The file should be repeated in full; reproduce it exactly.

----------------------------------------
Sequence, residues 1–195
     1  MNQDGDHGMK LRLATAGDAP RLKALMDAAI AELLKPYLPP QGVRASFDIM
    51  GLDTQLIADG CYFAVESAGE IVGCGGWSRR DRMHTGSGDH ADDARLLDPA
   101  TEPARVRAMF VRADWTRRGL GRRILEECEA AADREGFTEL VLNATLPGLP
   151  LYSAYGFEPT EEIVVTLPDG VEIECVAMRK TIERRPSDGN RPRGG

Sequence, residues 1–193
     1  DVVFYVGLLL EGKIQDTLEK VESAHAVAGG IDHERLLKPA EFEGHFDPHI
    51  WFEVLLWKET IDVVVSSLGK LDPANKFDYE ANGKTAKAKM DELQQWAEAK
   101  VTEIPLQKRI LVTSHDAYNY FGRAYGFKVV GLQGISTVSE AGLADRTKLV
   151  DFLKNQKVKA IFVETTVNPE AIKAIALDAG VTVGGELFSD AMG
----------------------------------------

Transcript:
Sequence, residues 1–195
     1  MNQDGDHGMK LRLATAGDAP RLKALMDAAI AELLKPYLPP QGVRASFDIM
    51  GLDTQLIADG CYFAVESAGE IVGCGGWSRR DRMHTGSGDH ADDARLLDPA
   101  TEPARVRAMF VRADWTRRGL GRRILEECEA AADREGFTEL VLNATLPGLP
   151  LYSAYGFEPT EEIVVTLPDG VEIECVAMRK TIERRPSDGN RPRGG

Sequence, residues 1–193
     1  DVVFYVGLLL EGKIQDTLEK VESAHAVAGG IDHERLLKPA EFEGHFDPHI
    51  WFEVLLWKET IDVVVSSLGK LDPANKFDYE ANGKTAKAKM DELQQWAEAK
   101  VTEIPLQKRI LVTSHDAYNY FGRAYGFKVV GLQGISTVSE AGLADRTKLV
   151  DFLKNQKVKA IFVETTVNPE AIKAIALDAG VTVGGELFSD AMG